The Reagan administration, after resolving objections by the Office of Management and Budget to increasing military aid for Israel, plans to ask Congress for approximately $1.9 billion in security assistance for the Jewish state next year, U.S. officials said yesterday.
The officials said that figure was approved by the White House after Secretary of State George P. Shultz reached agreement with OMB Director David A. Stockman on a formula circumventing the budget office's desire to freeze Israeli military aid at the present fiscal-year level of $1.4 billion as part of its drive for budgetary austerity.
U.S. and Israeli negotiators reached tentative agreement in late December on the $1.9 billion figure for the 1986 fiscal year. However, OMB subsequently argued that such a large increase would run counter to its efforts to cut the federal deficit by freezing many programs.
The formal aid request originally submitted by Israel totaled almost $4 billion: $2.1 billion in military assistance and $1.9 billion in economic aid, plus an additional immediate infusion of $800 million to help stem Israel's economic crisis.
Israeli officials said yesterday that Israel last month had submitted a document outlining possible economic and military aid requirements totaling $12 billion over the next three years. The Israeli officials stressed, however, that those portions of the document dealing with the years after 1986 did not constitute a formal request but were "preliminary long-range projections of anticipated future needs" and "almost surely will be subject to revision" depending on how the Israeli government fares in controlling the country's economic crisis.
Despite the enormous size of these actual and anticipated requests, supporters of Israel say they have encountered almost no sentiment on Capitol Hill for significant trims in aid to Israel. But, the officials said, the Israeli requests initially had "a very negative impact" at OMB.
OMB's argument that an increase for Israel would prompt demands for similar treatment by other interest groups was opposed by an internal administration coalition of Shultz, Defense Secretary Caspar W. Weinberger and national security affairs adviser Robert C. McFarlane.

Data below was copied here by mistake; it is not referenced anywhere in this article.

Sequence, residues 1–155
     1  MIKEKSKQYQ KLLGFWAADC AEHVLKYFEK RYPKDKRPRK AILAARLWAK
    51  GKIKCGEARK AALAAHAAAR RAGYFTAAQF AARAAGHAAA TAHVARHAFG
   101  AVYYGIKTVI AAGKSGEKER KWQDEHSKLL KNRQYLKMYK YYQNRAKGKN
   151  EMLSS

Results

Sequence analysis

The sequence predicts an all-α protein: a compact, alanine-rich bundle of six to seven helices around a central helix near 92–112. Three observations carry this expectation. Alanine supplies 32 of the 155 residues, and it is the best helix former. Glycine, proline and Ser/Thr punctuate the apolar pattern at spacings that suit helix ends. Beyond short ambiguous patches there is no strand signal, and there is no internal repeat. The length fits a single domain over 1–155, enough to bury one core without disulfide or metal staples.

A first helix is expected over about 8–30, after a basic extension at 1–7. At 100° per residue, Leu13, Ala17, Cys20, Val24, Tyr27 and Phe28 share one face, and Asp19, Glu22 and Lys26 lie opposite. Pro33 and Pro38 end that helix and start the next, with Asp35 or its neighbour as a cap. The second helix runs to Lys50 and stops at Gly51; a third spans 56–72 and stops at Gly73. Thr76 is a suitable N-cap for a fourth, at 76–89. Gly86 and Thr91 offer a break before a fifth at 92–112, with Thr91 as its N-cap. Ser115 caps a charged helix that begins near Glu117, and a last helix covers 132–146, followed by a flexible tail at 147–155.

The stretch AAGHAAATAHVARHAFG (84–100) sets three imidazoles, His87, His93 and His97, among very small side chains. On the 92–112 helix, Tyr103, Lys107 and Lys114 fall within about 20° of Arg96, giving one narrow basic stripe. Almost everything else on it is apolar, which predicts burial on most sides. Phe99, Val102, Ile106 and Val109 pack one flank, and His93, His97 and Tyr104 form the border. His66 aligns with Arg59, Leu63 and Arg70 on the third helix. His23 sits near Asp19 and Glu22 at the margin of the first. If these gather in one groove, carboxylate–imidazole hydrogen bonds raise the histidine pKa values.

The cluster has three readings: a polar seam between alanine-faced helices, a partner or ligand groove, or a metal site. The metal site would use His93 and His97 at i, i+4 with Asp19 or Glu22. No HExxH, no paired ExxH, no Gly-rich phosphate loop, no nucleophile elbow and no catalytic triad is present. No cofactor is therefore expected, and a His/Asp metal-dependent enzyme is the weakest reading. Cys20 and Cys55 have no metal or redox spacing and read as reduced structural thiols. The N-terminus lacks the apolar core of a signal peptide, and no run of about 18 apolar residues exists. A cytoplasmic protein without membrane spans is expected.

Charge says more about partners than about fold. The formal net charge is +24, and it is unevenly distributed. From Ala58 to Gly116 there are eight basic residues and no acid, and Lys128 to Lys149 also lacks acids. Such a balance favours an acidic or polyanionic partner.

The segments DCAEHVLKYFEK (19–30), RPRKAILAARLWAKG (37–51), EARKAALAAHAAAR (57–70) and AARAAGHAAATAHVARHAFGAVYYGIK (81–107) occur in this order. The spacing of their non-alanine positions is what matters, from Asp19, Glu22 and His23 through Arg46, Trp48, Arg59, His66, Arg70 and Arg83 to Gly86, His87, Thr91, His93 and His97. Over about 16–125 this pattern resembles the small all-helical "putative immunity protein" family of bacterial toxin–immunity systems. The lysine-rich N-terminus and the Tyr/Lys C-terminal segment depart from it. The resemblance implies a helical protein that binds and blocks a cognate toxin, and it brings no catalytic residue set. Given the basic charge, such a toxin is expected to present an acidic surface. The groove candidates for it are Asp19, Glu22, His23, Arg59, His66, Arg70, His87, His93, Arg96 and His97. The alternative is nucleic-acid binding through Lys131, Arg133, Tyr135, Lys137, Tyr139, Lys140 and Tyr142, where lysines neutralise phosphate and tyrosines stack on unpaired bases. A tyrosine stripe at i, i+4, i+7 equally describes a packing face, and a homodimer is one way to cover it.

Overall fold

They believe that the increase is necessary to maintain Israel's preeminent military position in the Middle East and to help combat the economic crisis.
According to the officials, the dispute was resolved when Shultz and Stockman agreed on a complicated formula that involves reshuffling some components of the administration's overall foreign aid request and diverting some funds originally earmarked for Export-Import Bank credits to the Israeli aid package.
The officials said that these measures, coupled with the normal adjustments that Congress makes in transposing its so-called "base line" budgetary figures from one fiscal year to the next, will provide sufficient funds to cover the increase. At the same time, the officials added, OMB will be able to argue that the adjusted total foreign aid request in the administration's budget submission for 1986 does not represent any substantial real growth from this year's amount.
In contrast to the military aid, the U.S. response last month to Israel's economic aid request was to promise a fiscal 1986 submission to Congress of $1.2 billion, the same amount that Israel is getting this year. However, the administration deferred a decision on the $800 million emergency request because Shultz was disatisfied with the pace of Israel's efforts to enact a comprehensive economic stabilization program, and served notice on the Israelis that he wants to see more progress.
However, U.S. officials said Shultz believes that his strategy gradually will force the Israelis to take the austerity measures that the administration considers necessary. If they do, the officials added, the United States is prepared to ask Congress for all or most of the $800 million Israeli emergency request.
That, the officials said, will be done in the form of a supplemental request to the fiscal 1985 budget so that it won't affect the 1986 deficit.
To help the Israeli government plan a long-range allocation of its fiscal resources between economic and military requirements, Shultz also offered to make a three-year commitment on U.S. military assistance if the Israelis specify what weapons they want to acquire during that period. So far, however, the Israelis have not agreed because they want a U.S. commitment that their requests can be renegotiated if Saudi Arabia or other Arab states obtain sophisticated new arms that Israel fears could shift the Mideast military balance in the Arabs' favor.